I've just returned from Case Western University Hospital in Cleveland, Ohio where I've been visiting a very dear relative. I cannot give enough praise to the Medical Intensive Care Unit there...they've been voted the best MICU in the country for five years in a row and I saw firsthand why that is so.
My days were spent mostly in the room of my loved one (who is starting to do better, thank God)...but taking a break to go downstairs to the cafeteria, I would pass this extraordinary quilt each day.
By the end of my time there the quilt had become a most exciting old friend, and a true source of comfort and inspiration.
Here is its description:
I have long known about this quilt and also have been a huge fan of Terrie Mangat's for years. As you will learn below, she was influenced by someone who has meant a great deal to me in my own crazy quilting life....so I felt a special kinship to this piece and it brought me joy every day I was at the hospital.
(It is behind plexiglass...I tried to get as little reflection as possible in my photos.)
The thing with Terrie is that she was a pioneer of the fearless use of materials and processes in her quilts. While the art quilt world has been profoundly affected by her early use of embellishments, of course we know that crazy quilters had been embellishing for a century before Terrie started doing it.
But Terrie was one of the first to totally abandon any conventional aesthetic of embellishment on quilts. I doubt she considers her work crazy quilting at all....
...but I do. Her use of all kinds of fabrics, her deliberate but spontaneous piecing, her wild but focused use of embellishment, continually developing her surface: all mean crazy quilting to me.
Of course, she paints over the whole thing as part of her process, and that makes her unique.
Let's take a closer look.
She has pieced the foundation, added sequined appliques, painted over that....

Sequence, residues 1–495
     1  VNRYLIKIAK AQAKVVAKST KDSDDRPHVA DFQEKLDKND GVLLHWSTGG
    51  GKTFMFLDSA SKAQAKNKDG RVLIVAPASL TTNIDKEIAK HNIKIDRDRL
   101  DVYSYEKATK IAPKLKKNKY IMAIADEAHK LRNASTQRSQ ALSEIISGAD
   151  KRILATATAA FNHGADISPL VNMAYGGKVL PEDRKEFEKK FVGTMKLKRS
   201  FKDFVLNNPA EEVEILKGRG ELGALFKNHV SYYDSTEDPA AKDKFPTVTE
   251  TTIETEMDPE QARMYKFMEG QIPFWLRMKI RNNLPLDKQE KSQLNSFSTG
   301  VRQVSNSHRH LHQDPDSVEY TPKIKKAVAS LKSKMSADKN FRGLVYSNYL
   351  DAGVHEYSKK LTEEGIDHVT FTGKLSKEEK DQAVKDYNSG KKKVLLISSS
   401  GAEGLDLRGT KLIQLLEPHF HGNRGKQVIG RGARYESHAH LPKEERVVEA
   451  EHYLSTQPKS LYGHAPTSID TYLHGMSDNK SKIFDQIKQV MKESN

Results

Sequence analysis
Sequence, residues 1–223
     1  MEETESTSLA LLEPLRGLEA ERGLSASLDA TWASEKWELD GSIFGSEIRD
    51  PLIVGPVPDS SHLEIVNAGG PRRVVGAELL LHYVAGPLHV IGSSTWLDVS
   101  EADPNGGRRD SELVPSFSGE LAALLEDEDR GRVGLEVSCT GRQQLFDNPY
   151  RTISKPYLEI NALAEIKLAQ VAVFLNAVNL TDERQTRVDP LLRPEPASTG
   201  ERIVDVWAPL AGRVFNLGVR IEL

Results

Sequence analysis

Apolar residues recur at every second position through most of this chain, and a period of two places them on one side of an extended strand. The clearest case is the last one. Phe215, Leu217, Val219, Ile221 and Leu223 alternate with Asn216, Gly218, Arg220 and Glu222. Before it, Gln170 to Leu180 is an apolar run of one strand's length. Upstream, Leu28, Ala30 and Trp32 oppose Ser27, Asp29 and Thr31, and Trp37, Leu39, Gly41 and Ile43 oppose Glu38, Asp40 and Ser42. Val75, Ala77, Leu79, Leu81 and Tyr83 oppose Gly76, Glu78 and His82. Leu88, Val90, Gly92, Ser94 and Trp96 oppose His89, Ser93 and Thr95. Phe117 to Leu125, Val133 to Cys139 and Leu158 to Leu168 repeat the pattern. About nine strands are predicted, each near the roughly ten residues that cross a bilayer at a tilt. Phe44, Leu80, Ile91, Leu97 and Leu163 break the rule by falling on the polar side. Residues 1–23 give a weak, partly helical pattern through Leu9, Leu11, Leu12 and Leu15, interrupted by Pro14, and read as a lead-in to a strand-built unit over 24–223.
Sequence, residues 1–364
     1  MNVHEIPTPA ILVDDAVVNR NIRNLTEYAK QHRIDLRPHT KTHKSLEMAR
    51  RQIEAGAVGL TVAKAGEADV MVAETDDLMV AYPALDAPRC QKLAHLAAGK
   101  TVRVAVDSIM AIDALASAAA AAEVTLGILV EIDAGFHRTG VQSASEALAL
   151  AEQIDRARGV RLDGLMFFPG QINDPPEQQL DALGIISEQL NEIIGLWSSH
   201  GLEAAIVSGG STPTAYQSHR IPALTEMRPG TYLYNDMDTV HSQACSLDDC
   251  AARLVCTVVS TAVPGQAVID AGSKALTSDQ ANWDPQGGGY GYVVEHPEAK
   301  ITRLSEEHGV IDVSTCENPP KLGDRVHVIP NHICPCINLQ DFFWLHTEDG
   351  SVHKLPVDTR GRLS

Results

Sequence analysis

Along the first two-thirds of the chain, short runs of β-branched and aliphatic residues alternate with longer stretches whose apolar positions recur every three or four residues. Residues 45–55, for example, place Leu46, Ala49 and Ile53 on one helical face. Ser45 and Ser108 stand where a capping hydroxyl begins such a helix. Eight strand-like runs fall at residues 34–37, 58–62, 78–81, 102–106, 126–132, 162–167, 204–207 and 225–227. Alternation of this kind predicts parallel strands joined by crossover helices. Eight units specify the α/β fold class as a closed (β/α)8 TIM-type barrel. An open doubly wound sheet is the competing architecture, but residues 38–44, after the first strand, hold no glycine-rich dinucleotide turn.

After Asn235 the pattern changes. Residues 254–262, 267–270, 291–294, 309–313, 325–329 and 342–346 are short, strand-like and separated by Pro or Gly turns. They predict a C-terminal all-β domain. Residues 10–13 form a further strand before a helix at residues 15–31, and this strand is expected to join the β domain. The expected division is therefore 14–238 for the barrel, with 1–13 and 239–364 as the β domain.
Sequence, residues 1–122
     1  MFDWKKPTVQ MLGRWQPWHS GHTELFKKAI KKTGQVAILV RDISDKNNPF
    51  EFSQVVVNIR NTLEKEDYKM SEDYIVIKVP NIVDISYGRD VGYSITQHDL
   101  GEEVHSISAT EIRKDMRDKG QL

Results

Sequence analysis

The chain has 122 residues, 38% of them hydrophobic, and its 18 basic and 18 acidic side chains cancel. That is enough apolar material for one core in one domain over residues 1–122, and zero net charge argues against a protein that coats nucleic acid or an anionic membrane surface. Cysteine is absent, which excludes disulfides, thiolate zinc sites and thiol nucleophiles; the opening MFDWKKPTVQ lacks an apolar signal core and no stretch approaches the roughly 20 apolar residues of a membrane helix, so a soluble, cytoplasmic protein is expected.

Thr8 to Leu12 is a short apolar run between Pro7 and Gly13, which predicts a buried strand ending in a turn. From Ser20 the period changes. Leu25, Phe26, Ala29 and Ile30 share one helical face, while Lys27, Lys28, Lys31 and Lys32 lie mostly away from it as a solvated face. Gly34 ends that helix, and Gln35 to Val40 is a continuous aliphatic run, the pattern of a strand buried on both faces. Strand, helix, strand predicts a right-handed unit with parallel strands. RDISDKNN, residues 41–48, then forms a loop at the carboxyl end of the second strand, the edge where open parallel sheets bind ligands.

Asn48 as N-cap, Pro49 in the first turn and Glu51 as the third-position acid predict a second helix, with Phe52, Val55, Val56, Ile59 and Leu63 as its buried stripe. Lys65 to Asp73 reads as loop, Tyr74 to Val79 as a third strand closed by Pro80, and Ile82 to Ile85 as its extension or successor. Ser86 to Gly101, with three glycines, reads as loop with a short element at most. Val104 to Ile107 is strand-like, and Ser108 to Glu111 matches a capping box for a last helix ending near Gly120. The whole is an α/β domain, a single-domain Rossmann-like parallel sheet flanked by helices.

Sometimes she has applied the sequins directly into the wet paint. After the paint dried she added more stitching and what looks like puff paint lines to depict the firework's trails of smoke.
Truly, how cool is this?!
Those green glass beads along the top were stuck on into wet glitter glue. I so love how she painted right over the velvet....
She used zippers.
She used pipe cleaners.
The white sequins are sewn over what looks like a pieces of a cut up sweater, and I can somehow imagine Terrie peeling off what she was wearing that day, and rabidly cutting it up because it was just right for the background of the white sequins...
It is the volcanic energy combined with the long term commitment of time for all the handwork involved that compells me so.
You can read more about Terrie in one of the fantastic "Save Our Stories" collection of interviews of quilters (numbering more than 900 now) on the website of the Alliance For American Quilts here.
In that interview you will learn that an early influence on her was our own Martha Green, crazy quilter extraordinaire and a huge inspiration to me. They were friends in Oklahoma City back in the 1970's.
"Yeah, Terrie and I go way back..." Martha told me when I asked her about this.
Terrie's own website is here.
I mentally thanked Terrie every time I walked by this quilt, for its gorgeous blast of energetic freedom. It's just exactly what is appropriate and needed in a hospital setting.....